As the growth of the whale-watching activity increases rapidly around the world, the challenge of responsible management and sustainability also rises. Without suitable management, operators may try to maximize their own profits by breaking the rules, which may negatively affect cetaceans. In this paper, the applicability of conditions for sustainability governance in humpback whale-watching was evaluated. To achieve this purpose, semi-structured interviews were conducted in Uramba Bahía Málaga National Natural Park, Colombia. Results of this study showed that humpback whale-watching is characterized by unevenness in connections with markets, income inequality and the distribution of operators across several villages and cities. The combination of which restricts cooperation between operators. Nevertheless, there are informal agreements among the operators, and some operators are motivated to form associations. Besides, environmental entities have been responsible of regulation in lack of community-based management. However, this still does not achieve effective enforcement of the rules. Stakeholders (communities and government authorities) must mediate trust and reciprocity among operators to improve the situation. It is important to involve all operators to fill gaps in the limited government monitoring capacity and absence of sanctions. This is relevant to continue monitoring the evolution of the whale-watching in this and other Marine Protected Areas, so that the sustainability of the activity is not affected in the future.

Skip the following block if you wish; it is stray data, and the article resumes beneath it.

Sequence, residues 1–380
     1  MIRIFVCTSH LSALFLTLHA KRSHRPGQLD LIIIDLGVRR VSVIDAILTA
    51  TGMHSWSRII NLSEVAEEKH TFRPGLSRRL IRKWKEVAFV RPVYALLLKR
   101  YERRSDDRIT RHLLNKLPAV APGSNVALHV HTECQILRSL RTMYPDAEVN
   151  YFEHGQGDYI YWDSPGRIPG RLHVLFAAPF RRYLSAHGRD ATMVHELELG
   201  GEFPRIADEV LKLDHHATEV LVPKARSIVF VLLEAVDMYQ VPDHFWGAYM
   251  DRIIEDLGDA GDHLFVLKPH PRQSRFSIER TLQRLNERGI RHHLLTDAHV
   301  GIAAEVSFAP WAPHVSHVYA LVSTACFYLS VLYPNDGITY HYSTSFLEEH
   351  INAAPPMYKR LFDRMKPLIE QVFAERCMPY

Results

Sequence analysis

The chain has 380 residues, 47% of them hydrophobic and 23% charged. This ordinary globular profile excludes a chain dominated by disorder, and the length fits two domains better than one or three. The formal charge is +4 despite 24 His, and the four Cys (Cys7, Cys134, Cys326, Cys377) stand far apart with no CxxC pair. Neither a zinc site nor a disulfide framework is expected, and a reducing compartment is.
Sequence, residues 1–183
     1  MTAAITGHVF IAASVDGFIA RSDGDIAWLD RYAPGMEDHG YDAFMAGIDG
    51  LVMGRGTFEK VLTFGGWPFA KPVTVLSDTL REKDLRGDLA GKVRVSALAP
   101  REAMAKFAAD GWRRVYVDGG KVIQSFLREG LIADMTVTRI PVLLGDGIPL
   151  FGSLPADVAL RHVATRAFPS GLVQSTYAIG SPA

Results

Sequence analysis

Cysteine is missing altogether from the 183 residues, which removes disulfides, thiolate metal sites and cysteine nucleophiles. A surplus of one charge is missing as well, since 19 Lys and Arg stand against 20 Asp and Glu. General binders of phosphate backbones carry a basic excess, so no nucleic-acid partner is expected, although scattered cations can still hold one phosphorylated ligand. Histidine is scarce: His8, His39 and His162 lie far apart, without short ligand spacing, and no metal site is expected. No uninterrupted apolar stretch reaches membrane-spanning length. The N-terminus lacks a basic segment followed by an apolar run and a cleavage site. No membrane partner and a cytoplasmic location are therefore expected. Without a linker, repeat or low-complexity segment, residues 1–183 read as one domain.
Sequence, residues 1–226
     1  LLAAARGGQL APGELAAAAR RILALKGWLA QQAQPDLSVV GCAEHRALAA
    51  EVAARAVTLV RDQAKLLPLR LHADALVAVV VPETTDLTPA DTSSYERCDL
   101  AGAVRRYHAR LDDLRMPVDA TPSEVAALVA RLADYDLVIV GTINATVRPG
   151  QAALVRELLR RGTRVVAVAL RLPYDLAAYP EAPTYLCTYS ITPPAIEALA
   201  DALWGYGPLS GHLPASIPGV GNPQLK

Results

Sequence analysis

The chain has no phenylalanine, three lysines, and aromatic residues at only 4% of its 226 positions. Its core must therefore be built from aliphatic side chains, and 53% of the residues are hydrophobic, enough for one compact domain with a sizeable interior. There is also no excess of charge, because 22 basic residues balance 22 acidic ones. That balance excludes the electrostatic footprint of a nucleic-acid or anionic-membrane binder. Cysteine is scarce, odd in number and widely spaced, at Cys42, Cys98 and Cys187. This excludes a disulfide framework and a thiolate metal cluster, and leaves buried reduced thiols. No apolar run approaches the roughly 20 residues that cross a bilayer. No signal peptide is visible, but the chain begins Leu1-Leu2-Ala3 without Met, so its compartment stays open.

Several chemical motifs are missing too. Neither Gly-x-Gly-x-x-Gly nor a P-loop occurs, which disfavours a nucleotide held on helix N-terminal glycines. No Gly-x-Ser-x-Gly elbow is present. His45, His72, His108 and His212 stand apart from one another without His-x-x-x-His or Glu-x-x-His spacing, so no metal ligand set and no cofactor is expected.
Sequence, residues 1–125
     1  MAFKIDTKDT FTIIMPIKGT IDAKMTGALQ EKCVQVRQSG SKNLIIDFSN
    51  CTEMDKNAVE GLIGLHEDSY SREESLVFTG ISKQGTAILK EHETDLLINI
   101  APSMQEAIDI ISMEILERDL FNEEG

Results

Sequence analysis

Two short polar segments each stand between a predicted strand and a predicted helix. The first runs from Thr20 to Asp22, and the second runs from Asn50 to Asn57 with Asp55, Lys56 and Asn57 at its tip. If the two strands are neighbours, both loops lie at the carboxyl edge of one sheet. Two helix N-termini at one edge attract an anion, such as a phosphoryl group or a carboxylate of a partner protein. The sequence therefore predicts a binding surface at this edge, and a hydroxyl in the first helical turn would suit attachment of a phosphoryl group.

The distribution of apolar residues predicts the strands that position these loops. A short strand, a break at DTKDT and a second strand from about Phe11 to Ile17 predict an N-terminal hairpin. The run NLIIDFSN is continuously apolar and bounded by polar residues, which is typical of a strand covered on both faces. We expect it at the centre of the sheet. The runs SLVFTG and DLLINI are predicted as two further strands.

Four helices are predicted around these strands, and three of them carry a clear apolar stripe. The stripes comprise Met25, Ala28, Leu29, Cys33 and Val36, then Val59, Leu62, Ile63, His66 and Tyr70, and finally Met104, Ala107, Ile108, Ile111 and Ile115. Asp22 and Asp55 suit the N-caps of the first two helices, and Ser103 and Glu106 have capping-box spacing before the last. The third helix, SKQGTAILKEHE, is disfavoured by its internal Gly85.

Cetacean tourism in Aotearoa New Zealand is now over 30 years old and has experienced substantial growth in visitor numbers and operations. The industry is remarkably diverse, targeting several dolphin and whale species, and encompassing varied habitats in coastal waters, fiords and submarine canyons. The knowledge and experience collected over these past 30 years has both advanced the global understanding of cetacean tourism, and influenced scientific practices for its study and management. Here we review the approaches taken in quantifying the impact of cetacean tourism in New Zealand, and critically assess the efficacy of the research and management strategies adopted. We place particular focus on the Bay of Islands, Hauraki Gulf, Kaikoura, Akaroa and Fiordland, areas that include the oldest, and longest studied industries nationally. We propose a set of best research practices, expose the most notable knowledge gaps and identify emerging research questions. Drawing on perspectives from the natural and social sciences, we outline the key determinants of failure and success in protecting cetacean populations from the detrimental impact of tourism. We suggest four golden rules for future management efforts: (1) acknowledge cetacean tourism as a sub-lethal anthropogenic stressor to be managed with precaution, (2) apply integrated and adaptive site- and species-specific approaches, (3) fully conceptualize tourism within its broader social and ecological contexts, and (4) establish authentic collaborations and engagement with the local community. Lastly, we forecast upcoming challenges and opportunities for research and management of this industry in the context of global climate change. Despite New Zealand's early establishment of precautionary legislation and advanced tourism research and management approaches, we detected flaws in current schemes, and emphasize the need for more adaptive and comprehensive strategies. Cetacean tourism remains an ongoing challenge in New Zealand and globally.